Please keep in mind that a motor vehicle dealer is, generally, not the ‘warrantor’ of your vehicle. Your dealer may be assisting you as much as possible in getting the manufacturer to cover repairs of your vehicle under warranty, but the factory may still refuse to cover the repairs. If this happens, then there may be nothing further that the dealership can do, and it should not be blamed for the actions of your vehicle’s warrantor. A dealership’s control over the approval of a warranty repair is usually limited to properly diagnosing and reporting the cause of the repair. K&N only takes issue with those dealerships who advise consumers that the mere installation of a K&N air filter on a vehicle ‘voids’ the factory warranty, or they convey to the manufacturer an unsubstantiated opinion or conclusion that a K&N air filter caused an engine or component failure, without any objective proof to support such a statement, resulting in the denial of a legitimate warranty repair.

We have found Toyota to be the easiest vehicle manufacturer to deal with and the most responsive when we point out an incident in which it appears that a dealership has inappropriately denied a warranty claim. On the other extreme, we find GM to be the least responsive with Ford running a close second.


This goes along with a few other questions in our mind like: Why do some car dealerships seek to avoid legitimate warranty claims for dubious reasons? Why do some car dealerships claim they know the cause of a MAF sensor failure when they do not even have the testing equipment that would be required to make a determination? Why do some car dealerships charge consumers more than double the price for a disposable air filter than the price charged at auto parts store? Our opinion is that a lot of companies are making a lot of money from the repeat sale of disposable air filters, including the car companies and dealerships.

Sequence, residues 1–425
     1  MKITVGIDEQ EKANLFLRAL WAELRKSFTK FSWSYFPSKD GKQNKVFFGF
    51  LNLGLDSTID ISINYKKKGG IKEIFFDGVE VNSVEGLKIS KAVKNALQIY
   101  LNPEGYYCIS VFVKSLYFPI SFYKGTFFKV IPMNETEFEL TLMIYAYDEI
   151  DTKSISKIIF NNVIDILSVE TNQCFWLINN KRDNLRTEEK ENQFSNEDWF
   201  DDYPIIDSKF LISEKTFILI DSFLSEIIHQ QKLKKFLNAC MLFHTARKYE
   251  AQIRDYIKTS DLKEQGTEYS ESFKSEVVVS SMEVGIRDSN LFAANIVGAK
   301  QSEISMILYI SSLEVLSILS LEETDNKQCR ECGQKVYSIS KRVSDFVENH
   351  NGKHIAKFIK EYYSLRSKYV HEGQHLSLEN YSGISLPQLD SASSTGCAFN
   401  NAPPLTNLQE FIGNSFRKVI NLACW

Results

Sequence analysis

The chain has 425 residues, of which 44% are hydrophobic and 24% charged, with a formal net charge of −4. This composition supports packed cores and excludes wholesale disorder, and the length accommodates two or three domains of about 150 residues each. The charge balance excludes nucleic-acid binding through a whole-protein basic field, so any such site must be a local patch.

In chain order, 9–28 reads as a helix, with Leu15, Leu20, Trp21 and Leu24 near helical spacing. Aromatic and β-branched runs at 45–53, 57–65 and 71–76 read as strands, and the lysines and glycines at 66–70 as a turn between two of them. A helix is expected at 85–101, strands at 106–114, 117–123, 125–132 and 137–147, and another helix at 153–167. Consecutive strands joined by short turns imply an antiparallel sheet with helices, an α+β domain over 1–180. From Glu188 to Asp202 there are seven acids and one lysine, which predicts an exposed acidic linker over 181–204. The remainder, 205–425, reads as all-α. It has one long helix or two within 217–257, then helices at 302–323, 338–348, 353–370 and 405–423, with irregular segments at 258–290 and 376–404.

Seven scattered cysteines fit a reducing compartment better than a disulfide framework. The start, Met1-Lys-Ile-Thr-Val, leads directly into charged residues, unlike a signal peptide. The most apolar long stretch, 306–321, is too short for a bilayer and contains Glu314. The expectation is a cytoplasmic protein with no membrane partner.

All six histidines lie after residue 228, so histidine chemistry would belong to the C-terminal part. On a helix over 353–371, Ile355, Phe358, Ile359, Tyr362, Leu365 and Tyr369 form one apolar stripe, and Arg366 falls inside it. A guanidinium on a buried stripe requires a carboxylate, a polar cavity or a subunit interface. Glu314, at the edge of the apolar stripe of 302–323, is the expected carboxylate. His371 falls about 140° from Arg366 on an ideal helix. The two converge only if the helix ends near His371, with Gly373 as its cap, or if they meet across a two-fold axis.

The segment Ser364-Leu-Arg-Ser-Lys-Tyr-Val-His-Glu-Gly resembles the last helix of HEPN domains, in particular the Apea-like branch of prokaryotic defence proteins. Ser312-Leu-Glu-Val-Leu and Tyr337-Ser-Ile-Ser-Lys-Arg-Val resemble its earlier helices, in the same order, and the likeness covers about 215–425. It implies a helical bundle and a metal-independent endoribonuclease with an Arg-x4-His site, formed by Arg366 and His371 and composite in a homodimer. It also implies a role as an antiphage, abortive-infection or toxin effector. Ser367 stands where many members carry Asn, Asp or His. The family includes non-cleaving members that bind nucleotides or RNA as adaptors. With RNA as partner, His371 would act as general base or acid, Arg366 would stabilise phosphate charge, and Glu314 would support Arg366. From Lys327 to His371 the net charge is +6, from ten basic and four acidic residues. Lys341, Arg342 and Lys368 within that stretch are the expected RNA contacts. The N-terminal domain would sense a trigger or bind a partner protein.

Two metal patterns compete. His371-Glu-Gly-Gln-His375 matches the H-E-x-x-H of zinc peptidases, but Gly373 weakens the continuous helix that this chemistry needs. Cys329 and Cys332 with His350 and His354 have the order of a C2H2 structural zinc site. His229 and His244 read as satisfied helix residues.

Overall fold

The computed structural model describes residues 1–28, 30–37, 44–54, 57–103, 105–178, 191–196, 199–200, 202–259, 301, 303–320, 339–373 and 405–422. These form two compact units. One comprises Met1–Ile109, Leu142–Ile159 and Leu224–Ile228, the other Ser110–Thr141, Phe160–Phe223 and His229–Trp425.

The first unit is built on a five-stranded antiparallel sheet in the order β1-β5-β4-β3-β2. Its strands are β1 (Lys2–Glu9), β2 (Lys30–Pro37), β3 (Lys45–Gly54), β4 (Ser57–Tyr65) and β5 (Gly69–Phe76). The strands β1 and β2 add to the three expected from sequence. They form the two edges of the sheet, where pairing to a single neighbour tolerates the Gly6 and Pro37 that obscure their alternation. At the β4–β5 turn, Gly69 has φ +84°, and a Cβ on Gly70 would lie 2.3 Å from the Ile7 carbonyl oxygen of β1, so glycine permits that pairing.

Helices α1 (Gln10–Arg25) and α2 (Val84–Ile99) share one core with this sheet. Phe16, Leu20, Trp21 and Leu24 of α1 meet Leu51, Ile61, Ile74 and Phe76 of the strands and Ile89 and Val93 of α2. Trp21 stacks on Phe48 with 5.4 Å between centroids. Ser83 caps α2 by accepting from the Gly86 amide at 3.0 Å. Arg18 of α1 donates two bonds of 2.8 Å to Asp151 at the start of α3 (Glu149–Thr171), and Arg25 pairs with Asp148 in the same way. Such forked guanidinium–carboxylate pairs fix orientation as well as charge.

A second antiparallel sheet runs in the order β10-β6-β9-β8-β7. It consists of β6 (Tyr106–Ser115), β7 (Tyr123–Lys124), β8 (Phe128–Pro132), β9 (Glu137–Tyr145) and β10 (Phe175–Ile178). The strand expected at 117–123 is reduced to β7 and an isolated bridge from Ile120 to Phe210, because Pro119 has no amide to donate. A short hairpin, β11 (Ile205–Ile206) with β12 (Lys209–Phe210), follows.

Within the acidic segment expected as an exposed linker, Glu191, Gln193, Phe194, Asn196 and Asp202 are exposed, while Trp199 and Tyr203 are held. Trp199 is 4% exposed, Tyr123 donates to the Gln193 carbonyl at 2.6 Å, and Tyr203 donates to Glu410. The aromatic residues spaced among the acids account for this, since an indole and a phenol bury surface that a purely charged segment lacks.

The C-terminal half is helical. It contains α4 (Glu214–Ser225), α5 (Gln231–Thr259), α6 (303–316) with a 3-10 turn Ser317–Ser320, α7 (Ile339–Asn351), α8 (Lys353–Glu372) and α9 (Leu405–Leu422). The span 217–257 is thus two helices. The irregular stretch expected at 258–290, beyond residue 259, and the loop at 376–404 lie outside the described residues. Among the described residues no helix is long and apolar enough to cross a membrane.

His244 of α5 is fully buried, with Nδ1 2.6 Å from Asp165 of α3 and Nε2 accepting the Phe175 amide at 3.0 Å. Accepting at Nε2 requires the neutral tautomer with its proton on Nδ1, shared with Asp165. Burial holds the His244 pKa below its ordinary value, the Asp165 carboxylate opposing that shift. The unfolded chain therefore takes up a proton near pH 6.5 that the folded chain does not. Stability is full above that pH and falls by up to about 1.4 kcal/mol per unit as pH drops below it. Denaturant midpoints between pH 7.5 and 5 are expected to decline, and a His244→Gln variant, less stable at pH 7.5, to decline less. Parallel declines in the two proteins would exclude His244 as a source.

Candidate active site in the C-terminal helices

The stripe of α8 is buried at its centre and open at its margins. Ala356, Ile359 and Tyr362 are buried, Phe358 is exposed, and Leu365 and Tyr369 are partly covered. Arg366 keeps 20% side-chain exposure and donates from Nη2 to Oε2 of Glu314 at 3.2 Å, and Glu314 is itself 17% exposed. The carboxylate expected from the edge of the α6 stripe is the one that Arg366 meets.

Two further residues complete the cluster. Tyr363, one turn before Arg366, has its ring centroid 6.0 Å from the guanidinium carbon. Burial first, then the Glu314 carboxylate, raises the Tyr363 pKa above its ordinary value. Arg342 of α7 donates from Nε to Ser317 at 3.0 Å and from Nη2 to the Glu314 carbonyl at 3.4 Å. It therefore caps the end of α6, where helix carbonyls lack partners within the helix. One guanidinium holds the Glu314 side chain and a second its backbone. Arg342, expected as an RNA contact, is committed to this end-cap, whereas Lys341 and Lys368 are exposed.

K&N air filters use oil treated layers of cotton gauze because in our opinion that is how you build an air filter with high airflow and great engine protection. Nevertheless, if our oil caused a problem, we would simply eliminate it from our design. So when we occasionally hear about these claims from consumers who are told this by a dealership or “the grapevine,” we do some investigating. We’ve been flowing high volumes of air through filters on our test stands for decades and we know that oil does not come off our filter. We have become very aggressive in pursuing every instance of alleged MAF sensor failure brought to our attention (as of March 2006, we’ve had approximately 400 claims compared with over 7 Million air filters sold during the same period). We inspect MAF sensors under a microscope to see any contamination that may be present. We had a special piece of testing equipment built to electrically test for MAF sensor failure. We perform chemical analysis of alleged contaminated sensors to determine the source of the contamination. We interact directly with the dealership involved. We contact certain car companies to acquire any factual information they may have. In short, we do everything physically and professionally possible to determine what is going on. The result, throughout all this time, is we have not had even one instance of a MAF sensor failure that resulted from K&N oil. Why do certain dealerships make such allegations if they have no proof at all? You’ll have to answer that one for yourself. To view our testing results and claims history, go to our MAF sensor test results page.

Here are some of the things we uncovered:
  • We tested an over-oiled K&N air filter at a rate of 1,000 Cubic Feet per Minute on our Filtration Test Stand which utilizes an absolute filter. An absolute filter is one specified by ISO 5011 which is used to capture test dust that passes through a filter during efficiency testing. In this case, an absolute filter was used particularly to capture any filter oil leaving the filter and also to allow us to measure any amount of oil leaving the filter. We weighed the absolute filter before and after the test and confirmed our belief. Oil does not come off a K&N air filter.